National Responsible Fatherhood Clearinghouse | 2018The Power of Fathers: A Concept Paper on Fatherhood, Family Engagement and Early Childhood (PDF)
“The National Responsible Fatherhood Clearinghouse (NRFC) has developed this research brief to help fatherhood practitioners increase their awareness and understanding of the experiences of fathers of children with special needs. The brief explains several of the more common special needs, describes challenges that fathers of children with special needs may face, and provides tips to help fatherhood programs better support these fathers. Because most research on the experience of parents of children with special needs has focused on mothers, we draw from both published research and interviews with program staff who have experience in serving fathers with children with special needs.”
A PDF of this brief is available (PDF).
Irving Harris Foundation | 2021“This paper is designed to provide a brief overview of the research supporting fathers’ wide-ranging contributions to healthy child development. It also shines a spotlight on innovative father engagement programs that address systemic and personal barriers. Finally, the paper closes with program, policy, and research recommendations to advance fathers as key stakeholders in family strengthening programming and to support the full participation of fathers in their families and communities.”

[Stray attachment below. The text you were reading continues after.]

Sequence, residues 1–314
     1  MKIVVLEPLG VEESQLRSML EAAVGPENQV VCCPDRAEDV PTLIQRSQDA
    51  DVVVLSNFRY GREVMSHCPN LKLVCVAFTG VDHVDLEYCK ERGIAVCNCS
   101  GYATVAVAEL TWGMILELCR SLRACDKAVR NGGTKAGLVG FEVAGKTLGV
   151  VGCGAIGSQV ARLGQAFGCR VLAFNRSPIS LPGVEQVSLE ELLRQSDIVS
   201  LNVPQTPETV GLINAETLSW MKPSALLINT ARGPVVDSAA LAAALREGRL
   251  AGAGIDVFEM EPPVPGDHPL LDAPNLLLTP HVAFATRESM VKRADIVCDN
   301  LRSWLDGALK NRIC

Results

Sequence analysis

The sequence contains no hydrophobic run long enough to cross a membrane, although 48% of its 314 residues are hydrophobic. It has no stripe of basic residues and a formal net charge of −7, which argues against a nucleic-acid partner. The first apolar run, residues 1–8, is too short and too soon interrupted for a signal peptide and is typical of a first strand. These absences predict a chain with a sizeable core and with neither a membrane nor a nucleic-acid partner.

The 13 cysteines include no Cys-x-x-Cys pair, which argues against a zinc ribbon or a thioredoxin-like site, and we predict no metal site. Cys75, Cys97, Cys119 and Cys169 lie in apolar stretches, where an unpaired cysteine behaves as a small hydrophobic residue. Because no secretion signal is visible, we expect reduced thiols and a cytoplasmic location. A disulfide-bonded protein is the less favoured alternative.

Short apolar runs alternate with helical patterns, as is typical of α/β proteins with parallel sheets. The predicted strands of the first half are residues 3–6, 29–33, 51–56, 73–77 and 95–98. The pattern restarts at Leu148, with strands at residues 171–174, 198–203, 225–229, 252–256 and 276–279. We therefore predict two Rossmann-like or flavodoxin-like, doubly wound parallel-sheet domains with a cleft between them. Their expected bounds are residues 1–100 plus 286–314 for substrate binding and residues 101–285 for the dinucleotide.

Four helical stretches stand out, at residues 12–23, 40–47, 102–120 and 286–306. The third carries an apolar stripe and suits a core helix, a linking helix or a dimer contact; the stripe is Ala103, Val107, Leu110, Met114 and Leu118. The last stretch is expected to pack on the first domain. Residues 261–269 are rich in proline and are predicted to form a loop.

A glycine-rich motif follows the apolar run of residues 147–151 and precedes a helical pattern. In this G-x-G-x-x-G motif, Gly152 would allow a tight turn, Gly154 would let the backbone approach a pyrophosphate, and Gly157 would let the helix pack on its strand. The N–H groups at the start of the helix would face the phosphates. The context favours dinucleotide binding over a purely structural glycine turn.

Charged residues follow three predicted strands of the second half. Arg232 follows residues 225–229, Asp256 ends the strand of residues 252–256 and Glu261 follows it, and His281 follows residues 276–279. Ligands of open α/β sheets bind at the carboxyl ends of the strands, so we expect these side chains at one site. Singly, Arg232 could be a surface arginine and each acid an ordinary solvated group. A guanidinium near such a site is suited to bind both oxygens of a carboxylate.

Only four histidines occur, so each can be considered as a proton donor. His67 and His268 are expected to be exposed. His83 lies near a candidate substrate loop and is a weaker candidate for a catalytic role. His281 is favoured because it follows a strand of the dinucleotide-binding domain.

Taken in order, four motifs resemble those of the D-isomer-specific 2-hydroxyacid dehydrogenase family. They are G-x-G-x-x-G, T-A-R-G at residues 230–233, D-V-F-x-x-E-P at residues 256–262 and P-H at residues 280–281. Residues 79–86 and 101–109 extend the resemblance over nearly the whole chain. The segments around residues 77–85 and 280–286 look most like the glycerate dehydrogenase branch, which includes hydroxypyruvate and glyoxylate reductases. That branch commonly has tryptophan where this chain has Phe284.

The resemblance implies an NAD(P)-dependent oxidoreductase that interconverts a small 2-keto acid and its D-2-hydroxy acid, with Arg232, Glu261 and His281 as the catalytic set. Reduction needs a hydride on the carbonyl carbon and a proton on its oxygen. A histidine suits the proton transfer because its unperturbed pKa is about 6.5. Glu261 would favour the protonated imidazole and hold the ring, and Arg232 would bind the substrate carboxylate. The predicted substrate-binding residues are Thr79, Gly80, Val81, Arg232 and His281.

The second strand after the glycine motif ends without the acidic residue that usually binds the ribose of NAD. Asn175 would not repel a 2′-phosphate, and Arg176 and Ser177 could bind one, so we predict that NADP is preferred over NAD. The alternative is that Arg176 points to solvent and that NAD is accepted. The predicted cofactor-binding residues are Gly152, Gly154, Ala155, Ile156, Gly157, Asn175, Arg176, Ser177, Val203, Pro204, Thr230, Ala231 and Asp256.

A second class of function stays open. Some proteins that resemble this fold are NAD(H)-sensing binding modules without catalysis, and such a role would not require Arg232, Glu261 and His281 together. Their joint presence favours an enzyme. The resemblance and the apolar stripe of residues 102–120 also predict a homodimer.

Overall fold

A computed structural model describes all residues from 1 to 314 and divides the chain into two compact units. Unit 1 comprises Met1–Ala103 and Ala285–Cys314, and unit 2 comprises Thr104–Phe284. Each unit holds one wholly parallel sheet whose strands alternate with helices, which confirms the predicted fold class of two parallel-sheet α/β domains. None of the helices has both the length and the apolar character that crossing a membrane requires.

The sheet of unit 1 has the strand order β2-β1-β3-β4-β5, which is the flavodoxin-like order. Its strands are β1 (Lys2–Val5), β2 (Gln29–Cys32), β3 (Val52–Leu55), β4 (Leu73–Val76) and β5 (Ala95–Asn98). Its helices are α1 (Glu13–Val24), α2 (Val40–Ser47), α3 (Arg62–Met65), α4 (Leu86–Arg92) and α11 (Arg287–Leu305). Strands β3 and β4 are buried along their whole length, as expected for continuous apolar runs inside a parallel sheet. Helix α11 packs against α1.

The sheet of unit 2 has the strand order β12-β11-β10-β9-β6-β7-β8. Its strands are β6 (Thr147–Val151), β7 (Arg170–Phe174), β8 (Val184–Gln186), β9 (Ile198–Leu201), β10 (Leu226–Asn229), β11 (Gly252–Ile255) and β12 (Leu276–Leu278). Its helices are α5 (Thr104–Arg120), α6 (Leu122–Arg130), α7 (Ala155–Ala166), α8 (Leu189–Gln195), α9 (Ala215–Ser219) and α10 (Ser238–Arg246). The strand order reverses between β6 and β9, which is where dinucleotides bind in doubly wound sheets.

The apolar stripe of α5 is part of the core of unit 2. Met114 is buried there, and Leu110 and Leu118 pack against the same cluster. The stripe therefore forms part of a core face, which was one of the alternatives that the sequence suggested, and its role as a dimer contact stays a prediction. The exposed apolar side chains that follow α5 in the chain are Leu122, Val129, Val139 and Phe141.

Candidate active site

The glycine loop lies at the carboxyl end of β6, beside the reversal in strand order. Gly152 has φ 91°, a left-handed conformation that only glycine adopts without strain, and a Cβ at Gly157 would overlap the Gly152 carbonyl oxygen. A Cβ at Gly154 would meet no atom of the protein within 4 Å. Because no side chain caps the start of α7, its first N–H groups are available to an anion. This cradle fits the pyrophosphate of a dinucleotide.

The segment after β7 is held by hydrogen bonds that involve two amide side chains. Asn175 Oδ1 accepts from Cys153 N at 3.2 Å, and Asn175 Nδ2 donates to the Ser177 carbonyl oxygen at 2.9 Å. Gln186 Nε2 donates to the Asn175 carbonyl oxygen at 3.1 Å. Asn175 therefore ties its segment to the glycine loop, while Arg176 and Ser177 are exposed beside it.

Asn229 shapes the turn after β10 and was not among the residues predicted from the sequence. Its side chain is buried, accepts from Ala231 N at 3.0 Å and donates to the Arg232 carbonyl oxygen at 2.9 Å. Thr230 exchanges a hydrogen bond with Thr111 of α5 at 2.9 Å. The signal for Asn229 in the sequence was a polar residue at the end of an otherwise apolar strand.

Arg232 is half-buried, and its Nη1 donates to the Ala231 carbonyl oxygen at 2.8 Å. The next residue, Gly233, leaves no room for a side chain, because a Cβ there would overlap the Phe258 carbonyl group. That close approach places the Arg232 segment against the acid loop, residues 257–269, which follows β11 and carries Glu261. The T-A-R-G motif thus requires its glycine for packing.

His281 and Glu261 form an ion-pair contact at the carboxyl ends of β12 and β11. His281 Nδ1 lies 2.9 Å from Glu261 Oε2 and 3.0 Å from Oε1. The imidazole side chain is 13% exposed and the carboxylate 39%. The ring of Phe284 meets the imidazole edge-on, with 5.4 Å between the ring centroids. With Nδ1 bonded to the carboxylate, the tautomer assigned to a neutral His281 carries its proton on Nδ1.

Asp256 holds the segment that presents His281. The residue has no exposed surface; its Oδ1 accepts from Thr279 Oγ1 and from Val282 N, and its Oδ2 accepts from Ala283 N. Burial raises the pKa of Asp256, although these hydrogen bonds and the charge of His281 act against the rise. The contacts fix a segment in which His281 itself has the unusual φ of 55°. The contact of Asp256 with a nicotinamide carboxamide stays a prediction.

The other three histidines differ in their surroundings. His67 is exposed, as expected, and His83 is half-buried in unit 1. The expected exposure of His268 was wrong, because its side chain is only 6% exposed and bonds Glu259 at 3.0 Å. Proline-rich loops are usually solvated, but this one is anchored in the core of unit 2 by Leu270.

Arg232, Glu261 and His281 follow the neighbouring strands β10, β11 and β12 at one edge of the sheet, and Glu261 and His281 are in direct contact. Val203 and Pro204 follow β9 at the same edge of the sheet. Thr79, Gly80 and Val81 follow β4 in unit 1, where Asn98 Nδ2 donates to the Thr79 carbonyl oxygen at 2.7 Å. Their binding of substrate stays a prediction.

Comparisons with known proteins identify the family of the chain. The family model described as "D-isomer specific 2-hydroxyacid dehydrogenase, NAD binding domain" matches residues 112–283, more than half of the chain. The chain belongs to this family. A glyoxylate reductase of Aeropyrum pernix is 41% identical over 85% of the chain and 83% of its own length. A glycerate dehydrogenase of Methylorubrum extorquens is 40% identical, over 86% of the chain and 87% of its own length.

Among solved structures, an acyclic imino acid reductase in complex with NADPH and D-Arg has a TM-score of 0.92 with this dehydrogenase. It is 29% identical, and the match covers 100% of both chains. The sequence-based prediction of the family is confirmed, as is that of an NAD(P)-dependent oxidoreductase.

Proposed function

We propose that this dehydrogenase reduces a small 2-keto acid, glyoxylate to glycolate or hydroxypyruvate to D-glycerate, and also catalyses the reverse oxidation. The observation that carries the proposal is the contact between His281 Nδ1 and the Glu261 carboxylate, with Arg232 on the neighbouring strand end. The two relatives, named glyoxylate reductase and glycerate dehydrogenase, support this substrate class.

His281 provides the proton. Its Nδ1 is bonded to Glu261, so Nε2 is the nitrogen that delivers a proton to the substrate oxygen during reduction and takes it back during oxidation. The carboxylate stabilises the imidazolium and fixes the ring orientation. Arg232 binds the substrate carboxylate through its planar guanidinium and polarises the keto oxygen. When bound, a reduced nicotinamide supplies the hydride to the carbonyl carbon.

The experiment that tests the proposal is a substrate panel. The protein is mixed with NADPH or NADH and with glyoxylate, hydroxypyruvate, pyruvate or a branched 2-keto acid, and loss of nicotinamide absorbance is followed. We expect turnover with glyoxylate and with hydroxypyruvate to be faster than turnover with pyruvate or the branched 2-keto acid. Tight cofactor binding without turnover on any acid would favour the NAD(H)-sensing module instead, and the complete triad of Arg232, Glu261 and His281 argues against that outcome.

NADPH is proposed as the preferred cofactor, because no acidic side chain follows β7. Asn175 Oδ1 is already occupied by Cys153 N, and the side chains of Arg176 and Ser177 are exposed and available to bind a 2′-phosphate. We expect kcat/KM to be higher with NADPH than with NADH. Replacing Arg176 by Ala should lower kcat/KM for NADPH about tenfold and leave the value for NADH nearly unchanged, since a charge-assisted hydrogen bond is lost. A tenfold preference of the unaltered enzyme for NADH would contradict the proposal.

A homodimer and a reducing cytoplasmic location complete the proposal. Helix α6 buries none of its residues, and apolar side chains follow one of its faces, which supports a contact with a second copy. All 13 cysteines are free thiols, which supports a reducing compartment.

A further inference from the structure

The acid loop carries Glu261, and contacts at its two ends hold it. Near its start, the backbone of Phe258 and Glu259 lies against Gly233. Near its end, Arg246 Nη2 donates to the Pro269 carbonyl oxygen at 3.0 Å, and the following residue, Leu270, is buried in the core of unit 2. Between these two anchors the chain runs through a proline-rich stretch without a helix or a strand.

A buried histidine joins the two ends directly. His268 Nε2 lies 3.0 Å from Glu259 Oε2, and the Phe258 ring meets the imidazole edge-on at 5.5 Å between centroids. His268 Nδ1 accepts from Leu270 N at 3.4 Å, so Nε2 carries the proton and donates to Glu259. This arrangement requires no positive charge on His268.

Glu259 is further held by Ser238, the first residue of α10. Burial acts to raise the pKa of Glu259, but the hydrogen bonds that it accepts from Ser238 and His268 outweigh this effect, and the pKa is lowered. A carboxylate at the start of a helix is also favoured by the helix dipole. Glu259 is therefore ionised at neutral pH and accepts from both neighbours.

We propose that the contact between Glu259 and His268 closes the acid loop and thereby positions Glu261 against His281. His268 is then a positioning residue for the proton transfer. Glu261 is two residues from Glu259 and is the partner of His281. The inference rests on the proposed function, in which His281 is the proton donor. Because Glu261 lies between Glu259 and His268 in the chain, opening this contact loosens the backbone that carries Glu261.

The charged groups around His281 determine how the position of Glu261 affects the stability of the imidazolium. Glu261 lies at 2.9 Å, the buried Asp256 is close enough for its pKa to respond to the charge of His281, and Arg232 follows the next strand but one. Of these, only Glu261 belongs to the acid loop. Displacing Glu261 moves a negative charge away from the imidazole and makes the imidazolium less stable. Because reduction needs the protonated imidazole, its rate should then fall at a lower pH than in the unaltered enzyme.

US Deparment of Education (USDE): Family Engagement Policy
When families and the institutions where children learn partner in meaningful ways, children have more positive attitudes toward school, stay in school longer, have better attendance, and experience more school success. To further this position, the Departments released a policy statement on the implementation of effective family engagement practices in early childhood and learning programs.Using Your Story to Teach Toolkit (PDF)
Early Childhood Personnel Center (ECPTA)Zero to Three
The purpose of this guide from the Early Childhood Personnel Center (ECPTA) is to provide a roadmap for crafting a family story that will teach pre-service and in-service personnel in early childhood intervention what family centered, culturally responsive practices should look like. This guide can be used by family leaders to prepare families as trainers in state personnel development efforts. Using family stories to teach can be a powerful tool to prepare pre-service and in-service providers for successful partnerships with families that will improve child outcomes. Family stories can help providers understand how to partner with families in building capacity that will support child development and lifelong learning.
Zero to Three is a national, nonprofit organization dedicated solely to advancing the healthy development of babies and young children. Zero to Three disseminates key developmental information, trains providers, promotes model approaches and standards of practice, and works to increase public awareness about the significance of the first three years of life.
Select link for more information on ZERO TO THREE